Sunday, February 5, 2012
The Swerve: A History of Passionate Reading
I just finished reading Stephen Greenblatt's The Swerve: How the World Became Modern, something that I accomplished in a day. I rarely find myself so enthralled with a nonfiction book that I can't stop reading it, but this instance was even more remarkable since the The Swerve is itself about avid reading. On one level, it narrates the story of a former papal secretary, Poggio Bracciolini, whose passion for ancient texts led him to a German monastery in 1417 and to the discovery of a long-lost poem, On the Nature of Things, by the Roman philosopher Lucretius. The carefully-copied lines asserted Epicurean ideas with such eloquence and daring that--despite its challenge to fundamental precepts of Christianity--Bracciolini sought to make it known again to the world.
At another level, it is about Greenblatt's own fascination with Lucretius. Greenblatt's preface to The Swerve is an eloquent testament to the power of a text to strike, thrill, and infiltrate one's daily life. As he explained: "It was not Lucretius' exquisite language to which I was responding. Later I worked through De rerum natura in its original Latin hexameters, and I came to understand something of its rich verbal texture, its subtle rhythms, and the cunning precision and poignancy of its imagery, but my first encounter was in Martin Ferguson Smith's workmanlike English prose...No, it was something else that reached me, something that lived and moved within the sentences for more than 200 densely packed pages"(2).
Some have cited Greenblatt's engaging analysis of Epicureanism and its influence on Enlightenment thinking, but, for me, what is most significant are Greenblatt's insights into the history of ardent audiences. Most importantly, Greenblatt argues that for Bracciolini to be so passionate about books in the early 1400s was strange: "To all but a handful of people in Germany, this quest, had Poggio tried to articulate it, would have seemed weird"(18). Books were valued mostly in monasteries in the 15th century; all monks had to know how to read and were expected to engage in both "prayerful reading" and manual labor as part of their vocation. This institutionalization of reading was good for the survival of ancient texts; in order to read, the monks had to have books, and they learned to carefully reproduce texts through copying. However, it was not necessarily a joyful or exciting affair--reading and copying were, for most, compulsory chores.
Even more significant than Bracciolini's strange avidity for books was the fact that he was not alone. Greenblatt cites a small but earnest community of humanists in Italy that were devoted to uncovering and collecting lost classics. "Italians had been obsessed with book-hunting for the better part of a century, ever since the poet and scholar Petrarch brought glory on himself around 1330 by piecing together Livy's monumental History of Rome and finding forgotten masterpieces by Cicero, Propertius, and others." (23) Petrarch, Greenblatt suggests, set the model for Bracciolini, by investing "this search with a new, almost erotic urgency and pleasure, superior to all other treasure seeking" (119). Greenblatt quotes Petrarch's own assessment: "Gold, silver, jewels, purple garments, houses built of marble, groomed estates, pious paintings, caparisoned steeds, and other things of this kind offer a mutable and superficial pleasure; books give delight to the very marrow of one's bones. They speak to us, consult with us, and join with us in a living and intense intimacy."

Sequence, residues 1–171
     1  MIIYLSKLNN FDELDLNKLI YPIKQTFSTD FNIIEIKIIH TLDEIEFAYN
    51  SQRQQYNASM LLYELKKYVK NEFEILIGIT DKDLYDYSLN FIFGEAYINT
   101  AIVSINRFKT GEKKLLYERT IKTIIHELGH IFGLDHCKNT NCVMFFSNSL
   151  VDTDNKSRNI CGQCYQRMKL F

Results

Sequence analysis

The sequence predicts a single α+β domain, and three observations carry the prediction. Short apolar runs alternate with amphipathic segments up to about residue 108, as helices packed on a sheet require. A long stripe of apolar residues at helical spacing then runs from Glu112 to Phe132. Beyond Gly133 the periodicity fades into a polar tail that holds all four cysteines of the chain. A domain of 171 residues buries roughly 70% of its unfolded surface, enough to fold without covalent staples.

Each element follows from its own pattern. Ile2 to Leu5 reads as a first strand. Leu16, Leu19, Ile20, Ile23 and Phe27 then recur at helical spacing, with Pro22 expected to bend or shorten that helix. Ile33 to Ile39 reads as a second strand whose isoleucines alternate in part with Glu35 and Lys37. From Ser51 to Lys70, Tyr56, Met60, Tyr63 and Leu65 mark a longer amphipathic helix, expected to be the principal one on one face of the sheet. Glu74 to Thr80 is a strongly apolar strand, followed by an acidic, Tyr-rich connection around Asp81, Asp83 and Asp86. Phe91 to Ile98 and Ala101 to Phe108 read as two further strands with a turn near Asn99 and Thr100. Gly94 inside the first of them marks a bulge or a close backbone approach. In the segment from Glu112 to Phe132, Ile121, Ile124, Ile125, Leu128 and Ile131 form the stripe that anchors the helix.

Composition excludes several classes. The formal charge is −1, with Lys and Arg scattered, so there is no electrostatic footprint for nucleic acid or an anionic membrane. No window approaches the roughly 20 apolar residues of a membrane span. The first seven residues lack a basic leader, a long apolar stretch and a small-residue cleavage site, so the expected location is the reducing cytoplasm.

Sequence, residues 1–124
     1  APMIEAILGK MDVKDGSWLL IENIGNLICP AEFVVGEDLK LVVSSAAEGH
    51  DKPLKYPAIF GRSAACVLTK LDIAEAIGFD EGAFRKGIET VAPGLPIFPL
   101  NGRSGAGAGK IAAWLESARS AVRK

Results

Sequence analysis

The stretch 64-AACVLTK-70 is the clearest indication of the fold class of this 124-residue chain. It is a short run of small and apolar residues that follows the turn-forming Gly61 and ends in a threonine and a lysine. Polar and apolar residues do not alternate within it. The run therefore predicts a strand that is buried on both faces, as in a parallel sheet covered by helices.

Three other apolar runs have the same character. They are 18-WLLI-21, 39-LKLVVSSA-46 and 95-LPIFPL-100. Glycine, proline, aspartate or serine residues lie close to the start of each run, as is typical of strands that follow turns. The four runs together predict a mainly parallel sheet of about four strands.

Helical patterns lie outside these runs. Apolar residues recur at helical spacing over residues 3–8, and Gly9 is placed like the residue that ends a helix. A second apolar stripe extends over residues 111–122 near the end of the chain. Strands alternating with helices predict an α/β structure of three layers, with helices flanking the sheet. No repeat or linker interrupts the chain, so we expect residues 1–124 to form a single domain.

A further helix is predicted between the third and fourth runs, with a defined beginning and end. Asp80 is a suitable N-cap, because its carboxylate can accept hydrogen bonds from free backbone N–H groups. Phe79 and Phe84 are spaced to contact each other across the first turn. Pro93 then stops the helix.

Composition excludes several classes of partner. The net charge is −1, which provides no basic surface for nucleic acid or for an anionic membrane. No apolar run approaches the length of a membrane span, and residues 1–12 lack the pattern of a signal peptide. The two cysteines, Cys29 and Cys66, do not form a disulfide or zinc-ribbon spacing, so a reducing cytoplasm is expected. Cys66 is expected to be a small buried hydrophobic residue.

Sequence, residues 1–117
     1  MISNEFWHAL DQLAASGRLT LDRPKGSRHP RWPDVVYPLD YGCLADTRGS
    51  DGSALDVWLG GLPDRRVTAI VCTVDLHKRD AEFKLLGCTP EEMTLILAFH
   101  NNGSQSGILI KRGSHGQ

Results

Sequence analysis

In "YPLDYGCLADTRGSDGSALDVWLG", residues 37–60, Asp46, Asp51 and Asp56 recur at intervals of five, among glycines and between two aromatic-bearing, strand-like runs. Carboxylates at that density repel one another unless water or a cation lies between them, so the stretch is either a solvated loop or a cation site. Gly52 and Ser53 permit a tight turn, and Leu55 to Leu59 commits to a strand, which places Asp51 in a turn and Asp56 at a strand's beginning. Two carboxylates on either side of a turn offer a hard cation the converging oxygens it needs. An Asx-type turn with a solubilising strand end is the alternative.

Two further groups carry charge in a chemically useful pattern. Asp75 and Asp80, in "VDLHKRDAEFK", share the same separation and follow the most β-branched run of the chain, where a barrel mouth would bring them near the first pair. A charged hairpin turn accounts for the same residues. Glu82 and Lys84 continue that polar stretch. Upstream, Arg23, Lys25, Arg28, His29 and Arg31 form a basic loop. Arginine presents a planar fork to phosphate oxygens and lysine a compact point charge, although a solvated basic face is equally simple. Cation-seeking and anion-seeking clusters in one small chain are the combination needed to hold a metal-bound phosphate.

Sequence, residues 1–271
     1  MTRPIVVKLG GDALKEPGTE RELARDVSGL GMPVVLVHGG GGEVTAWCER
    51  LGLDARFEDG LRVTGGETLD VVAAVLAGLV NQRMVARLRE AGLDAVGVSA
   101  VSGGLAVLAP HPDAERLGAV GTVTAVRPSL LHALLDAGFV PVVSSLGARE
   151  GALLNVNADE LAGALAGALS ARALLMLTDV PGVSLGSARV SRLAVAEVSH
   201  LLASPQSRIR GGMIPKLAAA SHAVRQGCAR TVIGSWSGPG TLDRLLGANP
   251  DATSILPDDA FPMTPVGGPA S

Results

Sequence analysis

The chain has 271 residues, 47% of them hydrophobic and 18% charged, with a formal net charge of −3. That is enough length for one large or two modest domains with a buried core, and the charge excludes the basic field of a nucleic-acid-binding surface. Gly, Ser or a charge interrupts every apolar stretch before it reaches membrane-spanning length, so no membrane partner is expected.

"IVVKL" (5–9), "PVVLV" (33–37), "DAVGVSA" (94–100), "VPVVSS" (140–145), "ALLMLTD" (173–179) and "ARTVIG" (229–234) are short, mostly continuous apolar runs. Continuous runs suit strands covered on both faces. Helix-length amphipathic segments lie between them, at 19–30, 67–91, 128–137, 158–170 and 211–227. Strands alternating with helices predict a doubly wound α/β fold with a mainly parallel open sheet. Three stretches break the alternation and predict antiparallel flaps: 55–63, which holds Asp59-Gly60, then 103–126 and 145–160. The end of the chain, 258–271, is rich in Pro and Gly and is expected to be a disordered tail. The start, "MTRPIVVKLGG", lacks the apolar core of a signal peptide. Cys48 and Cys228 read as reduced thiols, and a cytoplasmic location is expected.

As the story unfolds, it becomes clear that this love of books among humanists in 15th century Italy was actually an emulation of the intellectual culture of the ancient world, in which, "it became increasingly fashionable for wealthy Romans to amass large private libraries in their town houses and country villas...whether on the banks of the Rhone in Gaul or near the grove and Temple of Daphne in the province of Syria, on the island of Cos, near Rhodes, or in Dyrrhkhion in what is now Albania, the houses of cultivated men and women had rooms set aside for quiet reading." Even more remarkable, Greenblatt states that in the first century CE, the first reader-fans emerge: "At the games in the Colosseum one day, the historian Tacitus had a conversation on literature with a perfect stranger who turned out to have read his works. Culture was no longer located in close-knit circles of friends and acquaintances; Tacitus was encountering his 'public' in the form of someone who had bought his book at a stall in the Forum or read it in a library" (60-63). Based on Robert Darnton's work on Jean-Jaques Rousseau's public readership (See "Readers Respond to Rousseau" in The Great Cat Massacre), I had always associated this sort of public reader-author relationship with changing social and urban contexts of the 18th century, but this is a tantalizing revision.
There are other great tidbits in The Swerve about book hunting and collecting, about the circulation of ideas in Renaissance society, and about those whose lives were deeply shaped by the recovery and maintenance of a lost, seemingly better, past. In the end, The Swerve is really about a fan-like love of learning, from Lucretious in the first century BCE, to Bracciolini in in the early 15th century, to Greenblatt today. Their enthusiastic encounters with texts, together with one's own potentially enthusiastic reading, have the power to accumulate--or resonate together--to form an extended community of reception.